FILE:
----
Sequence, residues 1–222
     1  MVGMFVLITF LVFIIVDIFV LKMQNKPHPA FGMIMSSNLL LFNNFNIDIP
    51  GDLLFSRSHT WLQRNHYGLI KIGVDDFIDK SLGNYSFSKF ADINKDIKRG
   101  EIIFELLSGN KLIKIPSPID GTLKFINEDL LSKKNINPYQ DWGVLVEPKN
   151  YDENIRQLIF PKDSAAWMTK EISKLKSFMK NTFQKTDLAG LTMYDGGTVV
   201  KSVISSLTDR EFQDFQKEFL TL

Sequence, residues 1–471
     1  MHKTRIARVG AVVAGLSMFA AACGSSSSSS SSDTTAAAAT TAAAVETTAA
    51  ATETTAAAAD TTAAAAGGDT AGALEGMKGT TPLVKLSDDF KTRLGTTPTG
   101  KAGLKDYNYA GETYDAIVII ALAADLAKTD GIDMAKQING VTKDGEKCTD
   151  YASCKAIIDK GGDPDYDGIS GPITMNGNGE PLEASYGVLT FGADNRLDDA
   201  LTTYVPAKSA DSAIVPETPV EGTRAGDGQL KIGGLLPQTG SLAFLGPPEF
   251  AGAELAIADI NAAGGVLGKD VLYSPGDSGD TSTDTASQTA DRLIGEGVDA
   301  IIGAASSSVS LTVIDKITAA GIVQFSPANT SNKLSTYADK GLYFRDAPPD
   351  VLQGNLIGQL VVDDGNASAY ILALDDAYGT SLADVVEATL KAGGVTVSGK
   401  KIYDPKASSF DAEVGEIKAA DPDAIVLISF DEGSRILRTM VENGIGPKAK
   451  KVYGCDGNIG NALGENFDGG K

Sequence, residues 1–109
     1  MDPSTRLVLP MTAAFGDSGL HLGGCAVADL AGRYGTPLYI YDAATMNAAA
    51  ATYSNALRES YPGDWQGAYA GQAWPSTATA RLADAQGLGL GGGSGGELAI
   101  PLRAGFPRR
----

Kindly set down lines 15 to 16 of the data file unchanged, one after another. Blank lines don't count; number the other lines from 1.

   351  VLQGNLIGQL VVDDGNASAY ILALDDAYGT SLADVVEATL KAGGVTVSGK
   401  KIYDPKASSF DAEVGEIKAA DPDAIVLISF DEGSRILRTM VENGIGPKAK